In this long monologue Jerry describes his attempts at first befriending and then killing a dog that lives in his apartment building and that chases him every time it seems him come in, a “black monster of a beast.” According to Jerry, the dog is an anomaly because “animals are indifferent to me… like people.” But this dog can’t leave him alone and chases him every time he enters the building but never when he goes out. “That’s funny,” he says. “Or, it was funny. I could pack up and live in the street for all the dog cared.” First Jerry tries to suborn the dog with hamburgers. When that fails, he tries to poison him. Although he also fails at this, he achieves a small success. After the dog recovered, every time they met, they always “made contact.”
Jerry: Now, here is what I wanted to happen: I loved the dog now; and I wanted him to love me. I had tried to love, and I had tried to kill, and both had been unsuccessful by themselves. I hoped… and I don’t really know why I expected the dog to understand anything, much less my motivations… I hoped that the dog would understand.
We never know if the dog understands him. Probably not. The whole monologue is worth reading not just for the way is depicts a sad and pathetic mind in the process of peering into itself but also because of the dark humour it contains. Most of the humour is of a special nature, arising from Jerry’s inability to realise what a ridiculous person he is. Although he speaks very outrageous things, there’s no hint of irony in his words. Jerry is too earnest and literal-minded to realise the absurdity in his words. Consider for instance this simple exchange:
Peter: Now you listen to me. I’ve put up with you all afternoon.
Jerry: Not really.
Peter: LONG ENOUGH!
The humour here comes from the fact that Jerry doesn’t read ‘all afternoon’ as one normally would, meaning “an extended amount of time,” but literally as the whole period from the first to the last minute of an afternoon, if that can even be quantified.
Jerry is a master at reprogramming Peter. One of his methods is talking to Peter calmly, as if to a child, seldom losing his patience, but showing strength when he needs to reprimand him. Another method is the silly sequence when he starts tickling Peter after he threatens to go home. The tickling is silly enough, causing Peter to become afflicted with a laughing fit. But more interesting is Peter’s threat itself; that’s just the type of experience we remember from our childhood, isn’t it? The boy who packs up his toys and leaves because he doesn’t want to play anymore. This must be the most primitive of desires when a person faces a danger, to run back to the safety of home. In a way, Jerry has already managed to turn Peter into a child.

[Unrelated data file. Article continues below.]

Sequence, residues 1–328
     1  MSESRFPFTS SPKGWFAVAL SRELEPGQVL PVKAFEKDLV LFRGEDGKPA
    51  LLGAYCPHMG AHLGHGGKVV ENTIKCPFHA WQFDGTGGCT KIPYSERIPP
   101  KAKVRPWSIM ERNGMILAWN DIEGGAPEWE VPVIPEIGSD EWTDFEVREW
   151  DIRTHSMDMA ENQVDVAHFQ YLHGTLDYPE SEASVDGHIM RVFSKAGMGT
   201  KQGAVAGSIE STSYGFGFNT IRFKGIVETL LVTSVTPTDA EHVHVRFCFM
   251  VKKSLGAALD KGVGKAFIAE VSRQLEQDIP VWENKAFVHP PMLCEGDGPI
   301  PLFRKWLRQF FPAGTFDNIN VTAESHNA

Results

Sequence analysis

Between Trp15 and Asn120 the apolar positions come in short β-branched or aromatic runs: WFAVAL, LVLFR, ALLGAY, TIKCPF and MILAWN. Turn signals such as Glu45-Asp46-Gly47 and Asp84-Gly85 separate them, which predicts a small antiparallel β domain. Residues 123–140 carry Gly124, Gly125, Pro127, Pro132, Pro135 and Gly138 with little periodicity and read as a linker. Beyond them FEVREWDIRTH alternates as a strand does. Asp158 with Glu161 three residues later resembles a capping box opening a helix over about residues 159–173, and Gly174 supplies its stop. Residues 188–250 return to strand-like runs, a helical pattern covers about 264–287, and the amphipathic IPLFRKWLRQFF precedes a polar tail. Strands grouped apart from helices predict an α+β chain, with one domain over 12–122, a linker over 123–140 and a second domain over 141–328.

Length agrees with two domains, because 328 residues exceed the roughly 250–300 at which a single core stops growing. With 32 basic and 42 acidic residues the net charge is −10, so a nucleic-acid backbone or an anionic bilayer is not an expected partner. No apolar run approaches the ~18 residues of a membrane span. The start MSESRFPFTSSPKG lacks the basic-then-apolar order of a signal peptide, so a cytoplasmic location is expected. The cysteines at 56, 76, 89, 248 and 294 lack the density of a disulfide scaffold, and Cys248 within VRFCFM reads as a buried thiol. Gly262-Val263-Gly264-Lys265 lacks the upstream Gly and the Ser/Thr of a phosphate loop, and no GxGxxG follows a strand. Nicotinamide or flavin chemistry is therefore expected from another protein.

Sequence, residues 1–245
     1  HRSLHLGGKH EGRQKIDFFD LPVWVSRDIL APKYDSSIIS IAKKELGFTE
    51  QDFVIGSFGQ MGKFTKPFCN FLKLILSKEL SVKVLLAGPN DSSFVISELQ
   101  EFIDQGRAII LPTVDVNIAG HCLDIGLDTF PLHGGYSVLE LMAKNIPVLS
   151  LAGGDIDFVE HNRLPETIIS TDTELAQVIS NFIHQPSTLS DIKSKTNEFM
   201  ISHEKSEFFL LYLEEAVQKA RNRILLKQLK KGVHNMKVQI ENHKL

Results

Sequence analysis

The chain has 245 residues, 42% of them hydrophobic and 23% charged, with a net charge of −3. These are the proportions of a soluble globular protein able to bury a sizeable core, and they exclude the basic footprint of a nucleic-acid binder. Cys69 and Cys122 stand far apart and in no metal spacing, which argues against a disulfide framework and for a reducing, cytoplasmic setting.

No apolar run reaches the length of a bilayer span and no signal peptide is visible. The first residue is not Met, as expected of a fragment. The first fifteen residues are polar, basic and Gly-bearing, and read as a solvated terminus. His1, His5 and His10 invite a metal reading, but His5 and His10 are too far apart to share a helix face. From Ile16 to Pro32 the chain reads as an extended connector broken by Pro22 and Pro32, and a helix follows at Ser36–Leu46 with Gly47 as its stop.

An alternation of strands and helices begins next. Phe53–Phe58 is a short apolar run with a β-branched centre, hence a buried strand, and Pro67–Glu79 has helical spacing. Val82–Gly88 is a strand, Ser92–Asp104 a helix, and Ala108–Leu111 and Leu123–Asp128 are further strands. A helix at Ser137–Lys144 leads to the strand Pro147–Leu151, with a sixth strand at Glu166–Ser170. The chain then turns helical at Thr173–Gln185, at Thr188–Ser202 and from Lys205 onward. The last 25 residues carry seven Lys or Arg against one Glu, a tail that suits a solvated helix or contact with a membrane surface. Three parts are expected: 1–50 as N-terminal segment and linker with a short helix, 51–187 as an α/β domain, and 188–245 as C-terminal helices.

But Jerry’s triumph is when he manages to bring Peter down to his own savage, aggressive level. After tickling Peter and leaving him receptive to another story, about “what happened at the zoo,” Peter again misses a chance to assert his will. As Jerry starts telling it, he also starts shoving Peter off his bench until Peter is on the far end of it. “I want this bench,” Jerry says. “You go sit on the bench over there, and if you’re good I’ll tell you the rest of the story.” Just as if addressing a child. Peter, finally fed up, stubbornly decides to fight for the bench, leading into the play’s tragic ending. “Defend yourself,” Jerry urges him; “defend your bench.” It’s not just a bench, it has become Peter’s life, his sense of normalcy, his self-respect. Albee does a great job showing how people imbue the most insignificant things with significance, and also how they share territorialism with animals.
The Zoo Story, as I see it in my latest reading, is about the destruction of two men: Jerry, physically, since he dies at the end, impaled on a knife he gives to Peter; and Peter, mentally, who becomes involved in the dangerous life of Jerry. Or as Jerry puts it in his hour of success, “Do you know how ridiculous you look now?” This italicised now isn’t innocent; it implies that this was Jerry’s plan all along and that he’s won, he’s succeeded in turning Peter, an ordinary man, into an idiot.
It wasn’t until my third reading of the play that I realised that Jerry’s monologue foreshadows their final confrontation. In the same way that Jerry battled with the dog over the apartment building, he now fights Peter for control of a park bench. Like with the dog, Jerry tried to establish contact with Peter. And in both cases he failed. Why he throws himself against the knife is never explained. Does he want to die because he has nothing to live for? Or is his death necessary to educate Peter, to “open up his eyes?” Is it a sacrifice? Jerry’s last words are “Oh… my… God,” uttered in scorn (according to the stage directions, not my interpretation), perhaps in mockery of Christ, who died on the cross for all men. Or was Jerry just a lunatic who caused needless mental anguish to a victim?
Written in 1958 in three weeks, rejected by New York producers, and originally staged in Berlin in 1959, The Zoo Story is Edward Albee’s first play. Readers who know Albee only from Who’s Afraid of Virginia Woolf? can’t appreciate how this first play already contains so many of his themes, preoccupations and situations: the conflict between a domineering and a submissive personality; the use of animal metaphors for the human condition; the impossibility of communication, the intrusion of the absurd in the quotidian; and my personal favourite, the reduction of adults to hysterical infantile states. Albee’s won three Pulitzer Prizes, making him the most awarded American playwright after Eugene O’Neill. He was again nominated for the Pulitzer in 2001 and 2003. And his last play, Me, Myself and I (2007), is another surprising work about twins, sexuality and identity. Although after having read his entire work I can say that he has a few weak plays here and there, he’s a master playwright who’s only gotten better with time. Plays like Seascape, The Lady from Dubuque and The Play about the Baby are delightful fantasies on stage, more nightmare than dream though. Those who only know Edward Albee from Who’s Afraid of Virginia Woolf? don’t know what they’re missing.